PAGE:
Possible Causes of Blood in Urine (Hematuria)

Finding blood in your urine can be frightening, but you should know that there are many different causes of hematuria (blood in urine), some of which are relatively benign and easily treated. Others may be indicative of a serious medical condition warranting further investigation.

Beets sitting on a wooden table

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As such, you should never discount blood in urine as being "minor," particularly if it is persistent and accompanied by other symptoms.

Having hematuria does not always mean you have an underlying abnormality. It may simply be the result of a minor injury to the urethra (the tube through with urine leaves the body) or a side effect of a drug that needs to be changed.

Here are 10 of the most common causes worth considering:

Vaginal Bleeding

In women, the most common cause of blood in urine is vaginal bleeding, including normal menstrual bleeding. This is rarely a cause for alarm and will eventually normalize without treatment.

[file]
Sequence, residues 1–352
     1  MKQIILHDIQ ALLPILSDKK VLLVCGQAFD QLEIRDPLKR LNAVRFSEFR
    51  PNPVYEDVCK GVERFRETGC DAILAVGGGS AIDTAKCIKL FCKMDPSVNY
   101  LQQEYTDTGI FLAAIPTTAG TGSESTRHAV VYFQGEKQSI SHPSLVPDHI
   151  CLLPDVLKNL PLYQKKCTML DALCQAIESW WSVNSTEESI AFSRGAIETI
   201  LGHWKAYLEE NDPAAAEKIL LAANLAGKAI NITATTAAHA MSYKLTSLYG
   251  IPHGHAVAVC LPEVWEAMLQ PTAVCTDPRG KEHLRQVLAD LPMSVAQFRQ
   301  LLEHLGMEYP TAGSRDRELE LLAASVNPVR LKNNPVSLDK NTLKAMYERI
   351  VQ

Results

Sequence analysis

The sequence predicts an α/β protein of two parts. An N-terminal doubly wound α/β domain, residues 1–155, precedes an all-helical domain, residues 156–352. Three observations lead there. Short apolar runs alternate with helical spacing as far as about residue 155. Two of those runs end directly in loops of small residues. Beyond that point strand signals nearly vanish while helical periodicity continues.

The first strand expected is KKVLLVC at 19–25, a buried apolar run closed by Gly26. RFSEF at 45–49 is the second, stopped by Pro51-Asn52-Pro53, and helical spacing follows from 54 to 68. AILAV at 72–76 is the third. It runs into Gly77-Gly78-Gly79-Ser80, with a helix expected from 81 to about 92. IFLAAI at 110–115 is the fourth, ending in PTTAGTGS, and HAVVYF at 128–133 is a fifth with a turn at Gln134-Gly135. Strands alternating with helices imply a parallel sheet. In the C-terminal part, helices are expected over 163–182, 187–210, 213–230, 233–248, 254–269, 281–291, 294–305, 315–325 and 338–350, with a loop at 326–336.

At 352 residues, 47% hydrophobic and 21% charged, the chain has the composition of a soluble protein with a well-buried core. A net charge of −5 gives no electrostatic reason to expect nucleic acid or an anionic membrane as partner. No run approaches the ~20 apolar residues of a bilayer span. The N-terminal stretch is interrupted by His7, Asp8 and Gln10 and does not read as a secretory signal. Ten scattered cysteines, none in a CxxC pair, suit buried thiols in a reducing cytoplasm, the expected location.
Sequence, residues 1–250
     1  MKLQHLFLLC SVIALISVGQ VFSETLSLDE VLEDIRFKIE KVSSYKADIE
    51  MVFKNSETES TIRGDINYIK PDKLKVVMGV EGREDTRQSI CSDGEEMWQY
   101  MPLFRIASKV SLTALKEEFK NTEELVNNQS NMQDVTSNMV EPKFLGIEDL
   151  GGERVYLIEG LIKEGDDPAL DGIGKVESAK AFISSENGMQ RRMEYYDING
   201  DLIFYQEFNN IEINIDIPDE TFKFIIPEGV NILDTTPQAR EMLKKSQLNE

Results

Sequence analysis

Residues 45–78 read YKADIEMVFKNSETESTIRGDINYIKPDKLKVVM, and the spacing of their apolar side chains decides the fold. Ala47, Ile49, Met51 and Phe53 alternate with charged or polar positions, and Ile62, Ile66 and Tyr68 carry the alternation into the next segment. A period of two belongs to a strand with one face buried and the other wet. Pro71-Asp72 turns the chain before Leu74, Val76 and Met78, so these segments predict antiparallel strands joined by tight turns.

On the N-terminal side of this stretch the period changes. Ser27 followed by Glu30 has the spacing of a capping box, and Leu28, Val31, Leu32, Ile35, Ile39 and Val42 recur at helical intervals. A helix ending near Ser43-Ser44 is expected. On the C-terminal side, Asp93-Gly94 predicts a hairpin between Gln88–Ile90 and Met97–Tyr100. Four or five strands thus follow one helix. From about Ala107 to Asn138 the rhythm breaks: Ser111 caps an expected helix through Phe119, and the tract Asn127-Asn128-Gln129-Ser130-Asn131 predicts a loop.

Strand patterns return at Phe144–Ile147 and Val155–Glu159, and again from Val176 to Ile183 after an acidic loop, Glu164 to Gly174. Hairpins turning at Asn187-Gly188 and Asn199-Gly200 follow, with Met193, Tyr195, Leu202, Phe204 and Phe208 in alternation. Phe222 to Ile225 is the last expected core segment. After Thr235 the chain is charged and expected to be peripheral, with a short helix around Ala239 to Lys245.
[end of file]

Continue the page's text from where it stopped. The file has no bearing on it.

Although many women are accustomed to seeing a little blood in urine during her period, hematuria that occurs outside of menses should raise a red flag.

If vaginal bleeding is the cause of hematuria, your gyencologist will perform tests to determine the underlying cause.


Certain drugs, including blood thinners such as warfarin, can lead to blood in the urine. Healthcare providers often prescribe blood thinners if you have a heart or blood vessel disease, or if you have poor blood flow to your brain.

Blood thinners reduce the risk of heart attack and stroke by reducing the formation of blood clots in your arteries and veins. You may also take a blood thinner if you have an abnormal heart rhythm, have undergone heart valve surgery, or have congenital heart defects.

Finding blood in your urine if you are on blood thinners requires a full hematuria workup.

Certain Foods